This post is written in a personal capacity and not an official summary of the conference, “A Future for Aid Data”. Names are mentioned but do not reflect the official views of the University of Birmingham or the individual’s institutional affiliations.
This week, being reading week at POLSIS I had the time to attend a non POLSIS but rather and IDD organised talk titled, “A Future for Aid Data”. Specifically organised by Dr. Michael Hubbard and Pranay Sinha, it looks at the rise of non Organisation for Economic Co-Operation-Donor Assistance Committee (OECD-DAC) donors such as Brazil, India and China and others and how they should and could be incorporated into the present aid transparency discourse. I know some stuff about the Paris Declaration, but this conference was much more focus on a itty-gritty term: the International Aid Transparency Initiative (IATI) (pronounced by some as I-Ah-Ti.) And I thought “Dee-fid” was weird enough….
I knew some aid big shots would be there such as Owen Barder, but I didn’t expect that many big shots. The first main speaker was some one I knew, Stephen Klingebiel as I used his doctoral thesis on the UNDP in my Masters Dissertation. At my table, I would later find out that the former, Director of the OECD Development Cooperation Directorate, Richard Carey was one of the members. Fast forward to lunch time, I caught up with a certain Michael Tierney, who was a former manager in charge of a website I came across: AidData. Where have I heard that name before I wondered, as I chatted with him and two others over topic such as the Eurozone Crisis and each of our countries’ politics.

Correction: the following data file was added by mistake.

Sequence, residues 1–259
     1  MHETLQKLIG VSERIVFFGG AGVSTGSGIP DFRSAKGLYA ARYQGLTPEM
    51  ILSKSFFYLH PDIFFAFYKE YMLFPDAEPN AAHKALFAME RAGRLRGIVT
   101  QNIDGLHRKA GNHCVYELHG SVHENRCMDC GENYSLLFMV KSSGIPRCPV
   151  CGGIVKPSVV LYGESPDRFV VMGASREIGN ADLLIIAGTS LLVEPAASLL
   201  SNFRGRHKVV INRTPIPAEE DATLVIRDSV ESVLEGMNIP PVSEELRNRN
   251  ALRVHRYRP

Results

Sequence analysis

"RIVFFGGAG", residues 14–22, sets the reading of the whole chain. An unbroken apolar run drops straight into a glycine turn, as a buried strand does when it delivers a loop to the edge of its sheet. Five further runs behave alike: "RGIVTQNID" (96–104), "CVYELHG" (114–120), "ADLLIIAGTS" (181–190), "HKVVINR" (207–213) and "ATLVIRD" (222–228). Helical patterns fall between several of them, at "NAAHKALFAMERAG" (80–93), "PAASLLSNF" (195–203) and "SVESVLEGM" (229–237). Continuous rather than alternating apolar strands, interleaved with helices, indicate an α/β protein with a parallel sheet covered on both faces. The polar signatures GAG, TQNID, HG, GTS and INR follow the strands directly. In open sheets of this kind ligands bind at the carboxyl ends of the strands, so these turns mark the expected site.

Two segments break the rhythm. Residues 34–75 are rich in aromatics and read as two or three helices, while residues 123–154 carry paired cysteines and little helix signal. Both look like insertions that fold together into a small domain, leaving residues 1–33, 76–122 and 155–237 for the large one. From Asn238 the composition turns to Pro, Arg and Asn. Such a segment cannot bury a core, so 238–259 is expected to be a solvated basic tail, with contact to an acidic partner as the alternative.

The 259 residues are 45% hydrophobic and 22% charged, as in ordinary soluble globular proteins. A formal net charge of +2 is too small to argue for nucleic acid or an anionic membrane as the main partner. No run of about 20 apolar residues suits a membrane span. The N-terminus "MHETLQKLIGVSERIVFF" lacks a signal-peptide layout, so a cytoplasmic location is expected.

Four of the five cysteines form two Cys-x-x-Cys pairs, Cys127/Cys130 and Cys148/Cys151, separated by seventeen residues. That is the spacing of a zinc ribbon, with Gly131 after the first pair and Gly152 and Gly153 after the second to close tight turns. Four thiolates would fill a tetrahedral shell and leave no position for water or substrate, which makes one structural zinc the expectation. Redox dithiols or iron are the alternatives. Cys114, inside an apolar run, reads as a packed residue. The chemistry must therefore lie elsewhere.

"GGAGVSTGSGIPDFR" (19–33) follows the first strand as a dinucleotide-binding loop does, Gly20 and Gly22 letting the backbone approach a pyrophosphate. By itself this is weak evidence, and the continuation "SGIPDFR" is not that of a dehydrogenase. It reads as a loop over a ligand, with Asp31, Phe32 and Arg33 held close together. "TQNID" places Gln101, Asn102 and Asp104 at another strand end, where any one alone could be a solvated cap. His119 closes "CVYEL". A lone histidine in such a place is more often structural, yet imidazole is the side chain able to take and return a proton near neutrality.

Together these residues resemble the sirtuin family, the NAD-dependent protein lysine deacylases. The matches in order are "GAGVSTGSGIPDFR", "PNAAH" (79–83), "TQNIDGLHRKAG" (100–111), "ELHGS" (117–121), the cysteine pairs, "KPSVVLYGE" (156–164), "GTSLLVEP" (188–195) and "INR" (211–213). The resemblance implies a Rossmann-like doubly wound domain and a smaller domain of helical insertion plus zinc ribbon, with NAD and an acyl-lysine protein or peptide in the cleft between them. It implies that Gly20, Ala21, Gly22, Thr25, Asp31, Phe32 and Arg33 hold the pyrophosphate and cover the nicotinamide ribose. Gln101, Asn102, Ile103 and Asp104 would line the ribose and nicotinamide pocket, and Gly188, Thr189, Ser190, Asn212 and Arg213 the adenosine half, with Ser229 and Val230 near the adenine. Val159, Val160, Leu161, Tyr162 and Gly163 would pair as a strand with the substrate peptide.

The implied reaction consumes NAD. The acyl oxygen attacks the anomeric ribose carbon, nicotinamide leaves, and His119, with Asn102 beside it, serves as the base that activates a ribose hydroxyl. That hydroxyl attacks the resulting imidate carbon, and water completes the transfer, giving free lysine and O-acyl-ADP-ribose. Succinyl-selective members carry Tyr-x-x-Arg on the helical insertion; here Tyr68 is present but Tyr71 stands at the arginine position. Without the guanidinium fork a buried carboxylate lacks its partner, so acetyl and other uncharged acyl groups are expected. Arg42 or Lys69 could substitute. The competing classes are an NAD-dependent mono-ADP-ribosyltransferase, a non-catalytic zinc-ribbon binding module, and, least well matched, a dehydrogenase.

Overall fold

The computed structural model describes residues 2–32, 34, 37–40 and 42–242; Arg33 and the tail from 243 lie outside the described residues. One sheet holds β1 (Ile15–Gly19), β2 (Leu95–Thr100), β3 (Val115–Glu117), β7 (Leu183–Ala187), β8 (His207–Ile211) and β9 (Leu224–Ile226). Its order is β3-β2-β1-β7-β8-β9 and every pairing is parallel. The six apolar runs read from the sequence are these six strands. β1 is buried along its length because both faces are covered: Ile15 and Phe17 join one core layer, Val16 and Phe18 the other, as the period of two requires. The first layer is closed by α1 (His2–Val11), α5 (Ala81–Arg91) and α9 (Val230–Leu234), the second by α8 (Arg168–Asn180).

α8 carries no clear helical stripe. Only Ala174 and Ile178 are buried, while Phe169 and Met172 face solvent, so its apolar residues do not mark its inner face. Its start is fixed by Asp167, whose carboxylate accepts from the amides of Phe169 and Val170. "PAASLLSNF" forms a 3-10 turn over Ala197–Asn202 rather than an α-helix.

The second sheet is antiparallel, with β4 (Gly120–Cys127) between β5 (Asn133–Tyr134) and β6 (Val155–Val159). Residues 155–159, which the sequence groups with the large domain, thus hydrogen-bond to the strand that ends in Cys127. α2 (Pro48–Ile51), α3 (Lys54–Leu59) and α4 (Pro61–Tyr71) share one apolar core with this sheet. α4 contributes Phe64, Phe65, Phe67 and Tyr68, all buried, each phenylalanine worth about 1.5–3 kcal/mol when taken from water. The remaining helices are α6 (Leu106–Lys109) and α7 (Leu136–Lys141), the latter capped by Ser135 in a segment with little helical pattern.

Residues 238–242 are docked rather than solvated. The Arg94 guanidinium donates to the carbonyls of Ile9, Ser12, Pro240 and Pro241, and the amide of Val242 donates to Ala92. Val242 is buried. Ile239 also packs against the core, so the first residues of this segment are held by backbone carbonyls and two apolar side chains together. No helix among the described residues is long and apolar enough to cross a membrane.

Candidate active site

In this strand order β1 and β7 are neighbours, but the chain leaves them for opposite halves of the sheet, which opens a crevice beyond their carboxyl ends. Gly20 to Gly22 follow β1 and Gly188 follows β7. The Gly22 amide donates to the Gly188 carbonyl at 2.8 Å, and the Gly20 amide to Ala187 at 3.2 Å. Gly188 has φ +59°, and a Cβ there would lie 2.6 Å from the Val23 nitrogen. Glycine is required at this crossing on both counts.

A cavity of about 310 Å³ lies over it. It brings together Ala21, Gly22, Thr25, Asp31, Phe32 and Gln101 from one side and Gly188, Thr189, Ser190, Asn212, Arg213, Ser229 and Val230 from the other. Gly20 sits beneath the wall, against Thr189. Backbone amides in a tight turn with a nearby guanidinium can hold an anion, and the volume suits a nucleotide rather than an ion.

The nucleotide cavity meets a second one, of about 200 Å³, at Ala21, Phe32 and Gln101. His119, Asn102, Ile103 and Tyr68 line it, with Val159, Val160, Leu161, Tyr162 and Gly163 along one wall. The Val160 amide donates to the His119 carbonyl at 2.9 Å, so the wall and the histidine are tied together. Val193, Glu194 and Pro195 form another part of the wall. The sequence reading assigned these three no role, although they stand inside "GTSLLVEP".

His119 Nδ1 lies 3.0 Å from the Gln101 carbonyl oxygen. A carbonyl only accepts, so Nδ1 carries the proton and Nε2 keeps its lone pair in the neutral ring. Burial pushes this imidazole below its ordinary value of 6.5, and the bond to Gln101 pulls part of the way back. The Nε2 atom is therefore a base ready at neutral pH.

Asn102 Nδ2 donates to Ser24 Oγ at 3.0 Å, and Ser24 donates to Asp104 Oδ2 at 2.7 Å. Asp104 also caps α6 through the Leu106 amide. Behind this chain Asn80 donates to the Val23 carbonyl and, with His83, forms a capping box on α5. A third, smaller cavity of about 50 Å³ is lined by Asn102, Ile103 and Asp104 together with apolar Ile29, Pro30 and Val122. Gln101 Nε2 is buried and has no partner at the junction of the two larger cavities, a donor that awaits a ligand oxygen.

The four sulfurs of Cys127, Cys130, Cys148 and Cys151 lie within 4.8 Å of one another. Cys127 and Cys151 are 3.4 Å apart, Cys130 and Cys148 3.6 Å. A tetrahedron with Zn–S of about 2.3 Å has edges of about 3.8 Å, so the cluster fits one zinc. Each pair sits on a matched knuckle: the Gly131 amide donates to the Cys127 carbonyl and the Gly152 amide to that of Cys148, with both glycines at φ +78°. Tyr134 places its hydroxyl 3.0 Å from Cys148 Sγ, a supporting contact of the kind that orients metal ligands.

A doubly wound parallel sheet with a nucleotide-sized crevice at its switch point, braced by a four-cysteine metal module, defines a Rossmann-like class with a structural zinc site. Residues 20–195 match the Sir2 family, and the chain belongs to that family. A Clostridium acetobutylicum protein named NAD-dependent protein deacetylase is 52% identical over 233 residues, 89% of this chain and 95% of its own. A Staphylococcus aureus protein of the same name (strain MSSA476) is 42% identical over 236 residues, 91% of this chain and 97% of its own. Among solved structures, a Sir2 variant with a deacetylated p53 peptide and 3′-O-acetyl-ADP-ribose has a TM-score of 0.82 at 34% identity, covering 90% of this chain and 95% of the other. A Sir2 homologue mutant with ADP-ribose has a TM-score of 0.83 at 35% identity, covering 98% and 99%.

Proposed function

It was only later that night that I looked back at my key book, Delegation and Agency in International Organizations that I realised that he was Associate Professor Michael J. Tierney, one of the leading scholars of Principal-Agent (PA) theory. If you read some of my posts a while back (and if you know me personally), PA theory is the central concept (well along with constructivism) for my theoretical approach in my thesis. It was a God-send indeed, to actually meet a scholar in PA theory. So, the next day, I mentioned how I heard of him and took every opportunity I needed to not just talk about aid transparency, but also testing my ideas and views on the PA model with him during every single break. It’s amazing how he got involved with aid data stuff really; he explained at the start of his presentation that “in his other life, he’s a Professor of International Relations” and definitely not an academic on development data. Still, that’s exactly where I want to be: a Scholar of International Political Economy (IPE) and yet with International Development as one of my main interests.
This is a rather short entry–I’ll do a full summary of the whole conference by expanding it later. It was just amazing to meet a scholar of PA theory under the backdrop of an aid or Official Development Assistance (ODA) conference.